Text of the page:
CAIRO - US Secretary of State John Kerry was meeting Egyptian President Abdel Fattah al-Sisi on Monday to press the former military leader to adopt greater democratic reforms.
Fresh from a day-long donors conference in Cairo which raised some US$5.4 billion (S$6.9 billion) in pledges to help the Palestinians and the Gaza Strip, Kerry was to fly later to Paris for further talks on the battle against Islamic militants and on Ukraine.
Washington has suspended part of its US$1.3 billion in annual aid to Cairo since late last year, until the Egyptian leadership allays fears that it is veering off the path to democracy.
Kerry said in past visits to Cairo that he had had "candid conversations with President Sisi about the challenges that both of our countries face".
Egypt still had to "prove to the world that the country is stable and open to business" as it seeks to restore its economy after years of political upheaval since the ousting of former strongarm leader Hosni Mubarak in early 2011.
Kerry told reporters on Sunday that US-Egypt ties remained strong as the "government undertakes significant reforms and works towards economic transformation for all Egyptians".
The top US diplomat revealed that US energy giant General Electric might be able to help Egypt improve its power grid.
"We believe there are ways for us to be able to work together," Kerry insisted.
But there are lingering concerns about a crackdown on political dissent in Egypt, amid trials of journalists and the mass sentencings of opposition members of the Muslim Brotherhood.
Sisi, as the former military leader, ousted democratically elected president Mohamed Morsi in July 2013, and police have since cracked down on the deposed Islamist's supporters, killing hundreds in clashes and arresting thousands.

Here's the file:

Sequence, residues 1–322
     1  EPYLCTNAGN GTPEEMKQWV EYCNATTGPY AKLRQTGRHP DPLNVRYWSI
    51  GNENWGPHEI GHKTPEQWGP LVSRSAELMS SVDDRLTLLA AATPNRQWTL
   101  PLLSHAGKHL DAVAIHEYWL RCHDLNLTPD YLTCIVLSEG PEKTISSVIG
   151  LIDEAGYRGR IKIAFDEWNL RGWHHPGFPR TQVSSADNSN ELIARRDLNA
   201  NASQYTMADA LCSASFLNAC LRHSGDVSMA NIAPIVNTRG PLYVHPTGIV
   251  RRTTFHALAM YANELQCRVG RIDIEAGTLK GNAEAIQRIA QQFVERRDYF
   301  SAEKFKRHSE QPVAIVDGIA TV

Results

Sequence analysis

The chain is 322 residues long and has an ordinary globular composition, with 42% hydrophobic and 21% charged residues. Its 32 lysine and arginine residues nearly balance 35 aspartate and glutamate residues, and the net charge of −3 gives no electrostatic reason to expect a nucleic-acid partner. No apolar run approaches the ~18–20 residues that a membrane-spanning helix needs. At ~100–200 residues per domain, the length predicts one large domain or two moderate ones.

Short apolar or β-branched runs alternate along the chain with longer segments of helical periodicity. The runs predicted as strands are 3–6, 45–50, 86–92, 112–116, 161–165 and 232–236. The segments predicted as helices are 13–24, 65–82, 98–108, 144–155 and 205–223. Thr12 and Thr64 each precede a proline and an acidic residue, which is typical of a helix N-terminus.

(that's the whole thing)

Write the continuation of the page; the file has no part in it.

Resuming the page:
And Washington has found itself walking a delicate tightrope in its ties with Cairo, keen to ensure that democracy is nurtured while maintaining relations with a key regional and military ally.
After his talks with Sisi, Kerry will fly to Paris where he will meet French Foreign Minister Laurent Fabius.
On Tuesday, he is due to meet Russian Foreign Minister Sergei Lavrov, seeking to resolve yet another conflict - the fighting in eastern Ukraine.
Western countries are trying to shore up a September 5 ceasefire deal in Ukraine which has been routinely breached in the country's east by pro-Russian separatist groups.
The complex civil war in Syria, as well as US efforts to raise a coalition to fight the Islamic State group, will also dominate the two veteran diplomats' talks in the French capital.
"We very much expect that these talks will turn out to be constructive," Russian foreign ministry spokesman Alexander Lukashevich said last week.
Kerry will then travel to Vienna to meet officials from another US adversary, Iran, as he seeks to hammer out a deal on reining in Tehran's nuclear programme by a November 24 deadline.